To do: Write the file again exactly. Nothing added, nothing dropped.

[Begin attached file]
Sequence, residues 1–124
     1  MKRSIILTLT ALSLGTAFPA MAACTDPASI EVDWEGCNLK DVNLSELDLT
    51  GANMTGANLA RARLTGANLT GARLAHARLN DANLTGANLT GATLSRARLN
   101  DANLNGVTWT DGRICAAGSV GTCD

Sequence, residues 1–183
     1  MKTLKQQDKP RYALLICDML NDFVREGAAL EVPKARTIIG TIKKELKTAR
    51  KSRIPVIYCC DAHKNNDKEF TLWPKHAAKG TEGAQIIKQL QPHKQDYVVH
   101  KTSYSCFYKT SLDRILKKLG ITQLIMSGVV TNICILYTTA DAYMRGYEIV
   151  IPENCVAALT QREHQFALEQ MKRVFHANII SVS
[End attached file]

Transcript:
Sequence, residues 1–124
     1  MKRSIILTLT ALSLGTAFPA MAACTDPASI EVDWEGCNLK DVNLSELDLT
    51  GANMTGANLA RARLTGANLT GARLAHARLN DANLTGANLT GATLSRARLN
   101  DANLNGVTWT DGRICAAGSV GTCD

Sequence, residues 1–183
     1  MKTLKQQDKP RYALLICDML NDFVREGAAL EVPKARTIIG TIKKELKTAR
    51  KSRIPVIYCC DAHKNNDKEF TLWPKHAAKG TEGAQIIKQL QPHKQDYVVH
   101  KTSYSCFYKT SLDRILKKLG ITQLIMSGVV TNICILYTTA DAYMRGYEIV
   151  IPENCVAALT QREHQFALEQ MKRVFHANII SVS